In 1998, Sosa's best year, the Cubs finished 12.5 games behind in their division. Personally, I think Lee Elia was more entertaining than Sosa.

Geoff Matthews said...

The last bit in the story says it all. He could have been an all-around great ball player, but he just wanted to hit home runs.

My favorite player growing up was Tony Fernandez, shortstop for the Toronto Blue Jays. Fielded like Ozzie Smith and hit just under .300. While moneyball claims that fielding doesn't matter, that's the part of the game I'd rather watch.

eh said...

Freak.

Anonymous said...

i'm no longer a fan, you're becoming crankier and you seem more unhinged

Anonymous said...

"He had some Aspergery traits that meant he might boom out his new favorite song 35 times in a row."

It's clear you don't understand what Asperger's syndrome is.

Svigor said...

Uh oh. Um, how is booming out your favorite new song 35 times in a row evidence of an Aspergers type personality? Just curious...

Heh, yeah, I've described myself here as having some Aspergery tendencies myself but I really have no idea WTF Asperger's is, LOL.

But now I'm having a similar "uh-oh" moment because sometimes I just get into that mood, or find a great new song, and play it on repeat for an hour or two. :)

Anonymous said...

this obsession with steroids is yet more evidence of how successful the elite have been at molding the culture.

cryofan

Anonymous said...

Say it ain't so Sammy.

Anonymous said...

"It's clear you don't understand what Asperger's syndrome is."

No, its clear MW HAS Asperger's syndrome.

As for Sosa: the liberal media loved Sosa since he was the minority they could root for against White boy McGuire. Sammy's decline after he stopped juicing shows he probably was better off financially taking the steroids.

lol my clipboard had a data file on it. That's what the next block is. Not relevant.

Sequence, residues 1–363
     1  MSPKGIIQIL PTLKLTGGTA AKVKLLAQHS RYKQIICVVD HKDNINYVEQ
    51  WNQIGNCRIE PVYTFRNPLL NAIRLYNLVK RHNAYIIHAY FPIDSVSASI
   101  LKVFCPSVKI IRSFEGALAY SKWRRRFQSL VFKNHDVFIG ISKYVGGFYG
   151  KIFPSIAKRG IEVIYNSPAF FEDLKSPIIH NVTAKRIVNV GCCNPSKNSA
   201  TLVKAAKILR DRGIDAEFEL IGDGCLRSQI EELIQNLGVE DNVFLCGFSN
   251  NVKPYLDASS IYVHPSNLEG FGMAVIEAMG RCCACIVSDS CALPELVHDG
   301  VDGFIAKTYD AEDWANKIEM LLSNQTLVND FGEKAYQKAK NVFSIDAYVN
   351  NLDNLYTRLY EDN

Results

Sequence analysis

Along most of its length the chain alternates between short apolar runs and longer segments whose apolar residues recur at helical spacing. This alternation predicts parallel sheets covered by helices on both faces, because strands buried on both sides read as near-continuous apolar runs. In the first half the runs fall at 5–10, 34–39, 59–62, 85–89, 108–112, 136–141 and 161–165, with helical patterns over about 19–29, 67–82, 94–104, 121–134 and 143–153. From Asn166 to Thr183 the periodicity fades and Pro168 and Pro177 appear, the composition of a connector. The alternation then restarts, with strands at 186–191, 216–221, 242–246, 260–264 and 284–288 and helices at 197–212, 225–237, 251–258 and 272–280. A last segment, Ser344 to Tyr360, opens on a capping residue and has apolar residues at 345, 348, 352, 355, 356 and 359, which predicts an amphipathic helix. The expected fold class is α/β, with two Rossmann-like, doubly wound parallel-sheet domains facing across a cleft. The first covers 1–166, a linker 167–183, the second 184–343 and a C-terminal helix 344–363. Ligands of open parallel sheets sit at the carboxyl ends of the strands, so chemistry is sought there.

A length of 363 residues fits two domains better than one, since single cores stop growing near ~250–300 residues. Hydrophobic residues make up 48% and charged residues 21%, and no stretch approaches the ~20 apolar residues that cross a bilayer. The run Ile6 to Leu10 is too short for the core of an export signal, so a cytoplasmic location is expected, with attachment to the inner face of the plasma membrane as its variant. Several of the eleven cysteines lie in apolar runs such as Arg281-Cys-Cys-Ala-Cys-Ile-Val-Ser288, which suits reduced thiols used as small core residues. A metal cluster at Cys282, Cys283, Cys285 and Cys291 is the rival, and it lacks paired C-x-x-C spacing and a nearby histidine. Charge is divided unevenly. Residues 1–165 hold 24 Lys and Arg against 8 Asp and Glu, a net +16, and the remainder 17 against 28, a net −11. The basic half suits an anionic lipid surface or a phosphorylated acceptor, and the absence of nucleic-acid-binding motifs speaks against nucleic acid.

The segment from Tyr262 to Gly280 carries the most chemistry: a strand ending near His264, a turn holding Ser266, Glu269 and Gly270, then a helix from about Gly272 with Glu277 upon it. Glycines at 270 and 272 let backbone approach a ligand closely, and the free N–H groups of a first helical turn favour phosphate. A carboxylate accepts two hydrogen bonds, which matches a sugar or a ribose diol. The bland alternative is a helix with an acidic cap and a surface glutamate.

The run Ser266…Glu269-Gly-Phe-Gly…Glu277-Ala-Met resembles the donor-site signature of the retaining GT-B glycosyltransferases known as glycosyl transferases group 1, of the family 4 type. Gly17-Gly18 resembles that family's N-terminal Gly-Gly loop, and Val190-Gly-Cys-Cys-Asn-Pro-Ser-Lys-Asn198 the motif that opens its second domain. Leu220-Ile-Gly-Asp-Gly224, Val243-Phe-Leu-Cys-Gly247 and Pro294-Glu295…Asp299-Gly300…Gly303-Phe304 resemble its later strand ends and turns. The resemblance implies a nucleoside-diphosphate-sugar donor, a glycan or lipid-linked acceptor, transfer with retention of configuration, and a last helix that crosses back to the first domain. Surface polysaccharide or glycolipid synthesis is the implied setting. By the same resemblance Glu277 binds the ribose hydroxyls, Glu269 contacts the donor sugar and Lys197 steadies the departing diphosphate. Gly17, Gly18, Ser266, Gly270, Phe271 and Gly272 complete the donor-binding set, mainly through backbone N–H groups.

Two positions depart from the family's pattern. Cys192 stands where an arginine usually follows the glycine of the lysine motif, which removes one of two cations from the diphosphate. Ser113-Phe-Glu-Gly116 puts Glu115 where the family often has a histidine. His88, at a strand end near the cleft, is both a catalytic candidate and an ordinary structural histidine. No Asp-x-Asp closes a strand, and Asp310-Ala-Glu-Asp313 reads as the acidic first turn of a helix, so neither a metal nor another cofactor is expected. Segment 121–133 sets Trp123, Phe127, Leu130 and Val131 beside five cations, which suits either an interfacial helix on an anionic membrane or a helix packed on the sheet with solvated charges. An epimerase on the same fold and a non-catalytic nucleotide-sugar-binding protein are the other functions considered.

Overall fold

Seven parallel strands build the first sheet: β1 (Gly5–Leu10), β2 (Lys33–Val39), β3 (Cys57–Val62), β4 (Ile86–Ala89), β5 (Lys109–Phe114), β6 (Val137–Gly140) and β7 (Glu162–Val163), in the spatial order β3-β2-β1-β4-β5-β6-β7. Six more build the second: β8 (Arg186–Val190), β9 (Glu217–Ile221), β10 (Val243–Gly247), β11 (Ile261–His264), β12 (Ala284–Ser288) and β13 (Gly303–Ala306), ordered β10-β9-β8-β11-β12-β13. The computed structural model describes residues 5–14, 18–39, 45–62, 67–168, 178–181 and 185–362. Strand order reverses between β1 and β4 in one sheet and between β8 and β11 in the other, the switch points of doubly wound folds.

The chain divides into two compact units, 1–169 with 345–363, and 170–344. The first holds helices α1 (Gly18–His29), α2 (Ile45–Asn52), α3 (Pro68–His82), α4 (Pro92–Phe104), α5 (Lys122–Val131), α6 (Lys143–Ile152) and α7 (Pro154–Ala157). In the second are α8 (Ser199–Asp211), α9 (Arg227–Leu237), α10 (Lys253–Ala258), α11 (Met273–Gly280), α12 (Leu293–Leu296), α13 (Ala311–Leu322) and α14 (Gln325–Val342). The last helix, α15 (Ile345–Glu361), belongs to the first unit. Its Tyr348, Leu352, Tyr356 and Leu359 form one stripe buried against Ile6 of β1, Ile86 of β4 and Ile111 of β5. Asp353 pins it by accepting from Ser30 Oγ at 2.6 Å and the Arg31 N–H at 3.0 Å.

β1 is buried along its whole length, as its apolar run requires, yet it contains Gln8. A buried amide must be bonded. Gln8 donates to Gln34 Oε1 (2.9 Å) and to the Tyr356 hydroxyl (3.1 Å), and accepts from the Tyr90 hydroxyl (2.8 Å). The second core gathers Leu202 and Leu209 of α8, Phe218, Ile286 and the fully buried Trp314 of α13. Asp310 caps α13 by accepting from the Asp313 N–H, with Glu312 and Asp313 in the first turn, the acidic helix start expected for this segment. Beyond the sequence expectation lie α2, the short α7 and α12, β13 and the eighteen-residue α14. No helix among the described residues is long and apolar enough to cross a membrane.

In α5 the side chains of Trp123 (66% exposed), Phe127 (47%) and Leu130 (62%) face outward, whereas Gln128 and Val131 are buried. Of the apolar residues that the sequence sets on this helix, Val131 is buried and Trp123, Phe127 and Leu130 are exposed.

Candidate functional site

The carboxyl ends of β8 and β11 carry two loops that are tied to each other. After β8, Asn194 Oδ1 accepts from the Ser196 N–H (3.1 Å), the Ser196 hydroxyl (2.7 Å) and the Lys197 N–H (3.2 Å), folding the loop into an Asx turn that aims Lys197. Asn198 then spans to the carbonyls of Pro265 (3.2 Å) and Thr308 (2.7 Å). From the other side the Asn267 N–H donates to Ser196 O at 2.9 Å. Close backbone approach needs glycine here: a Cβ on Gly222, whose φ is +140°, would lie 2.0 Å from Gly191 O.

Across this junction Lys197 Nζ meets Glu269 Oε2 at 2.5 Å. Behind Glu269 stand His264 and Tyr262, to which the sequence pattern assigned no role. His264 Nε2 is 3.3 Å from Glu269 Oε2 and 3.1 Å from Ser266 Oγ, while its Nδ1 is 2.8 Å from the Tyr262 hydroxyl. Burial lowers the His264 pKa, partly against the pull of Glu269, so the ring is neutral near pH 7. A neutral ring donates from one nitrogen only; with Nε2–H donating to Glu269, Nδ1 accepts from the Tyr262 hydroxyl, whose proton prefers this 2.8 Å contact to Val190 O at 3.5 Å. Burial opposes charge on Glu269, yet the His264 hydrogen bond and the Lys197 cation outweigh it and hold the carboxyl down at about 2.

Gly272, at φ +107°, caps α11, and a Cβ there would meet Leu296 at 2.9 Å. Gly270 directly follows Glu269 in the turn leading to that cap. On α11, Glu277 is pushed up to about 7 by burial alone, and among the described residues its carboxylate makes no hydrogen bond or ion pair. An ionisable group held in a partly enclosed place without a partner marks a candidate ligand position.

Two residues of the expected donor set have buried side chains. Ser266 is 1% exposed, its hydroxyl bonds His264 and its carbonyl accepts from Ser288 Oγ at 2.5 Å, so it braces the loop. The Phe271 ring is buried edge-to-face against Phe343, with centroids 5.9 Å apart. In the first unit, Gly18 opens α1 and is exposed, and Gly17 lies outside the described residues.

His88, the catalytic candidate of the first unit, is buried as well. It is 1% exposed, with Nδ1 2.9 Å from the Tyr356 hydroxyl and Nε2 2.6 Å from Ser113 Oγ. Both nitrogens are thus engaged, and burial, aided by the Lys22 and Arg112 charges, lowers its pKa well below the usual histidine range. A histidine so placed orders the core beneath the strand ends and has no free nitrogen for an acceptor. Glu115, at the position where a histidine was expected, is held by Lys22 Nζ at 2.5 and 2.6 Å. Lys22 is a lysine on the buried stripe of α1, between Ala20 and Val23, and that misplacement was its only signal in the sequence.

guest007 said...

Steve,

A more interesting part of the story is how "sports journalist" when along with the steroid era. Barry Bonds was treated by the Giants the same way that Sosa was treated by the cubs. Yet, no baseball writer ever wrote about the special treatment, the club funding of lackies, and how others in the clubhouse resented it.

Sports journalists refuse to be journalists and always leave the real reporting to others. Look at how business reporters have to write about the business of college sports because sports reporters refuse to learn how college athletic departments function. Look at how Mitch Album managed to write an entire book about the Fab Five at the University of Michigan but managed to not say anything about the street recruiters and under the table payments.

Maybe sports journalist should divide themselves into the jock sniffers who write puff pieces and real journalist who will actually report.

Anonymous said...

"Uh oh. Um, how is booming out your favorite new song 35 times in a row evidence of an Aspergers type personality? Just curious..."

My socially popular 7 year old daughter has read "Charley and the Chocolate Factory" at least fifteen times and sings the Oompa Loompa songs over and over to various Christmas carol tunes while pulling her socks up and down or zipping and unzipping her jacket. If she wasn't reading other books and singing Taylor Swift songs, too, I'd take her for a psychiatric evaluation.

By the way, her Uncle has Aspergers so I'm pretty sure her behaviors are some latent genetic thing, but it hasn't impeded her social or cognitive development (for example, she can control it in the classroom) so we ignore it. But it's actually pretty funny to see her go through all her nutty OC rituals in front of her friends and somehow manage to pass it all off as cool. She is the very definition of high function.

Dutch Boy said...

"One reason for testosterone's sudden acceptability to the older American male is the analogy to estrogen supplements for post-menopausal women"

Dear Albertosaurus: Estrogen supplements are no longer routinely prescribed for post-menopausal women (nor should testosterone be routinely prescibed for aging men).

Anonymous said...

"Dear Albertosaurus: Estrogen supplements are no longer routinely prescribed for post-menopausal women (nor should testosterone be routinely prescibed for aging men)."

Of the two men I know who tried testosterone supplements after 50, one dropped dead of a massive heart attack at 65 with no prior history of heart trouble and the other guy now has stage IV prostate cancer although he had no family history of this disease and had a normal PSA baseline up until he started peeing blood. I recommend middle age men just relax and stop obsessing about their man boobs.

Anonymous said...

Game of Shadows had Bonds not make an out that could have won them a game in the World Series because he refused to listen to another player as to where he should have been positioned.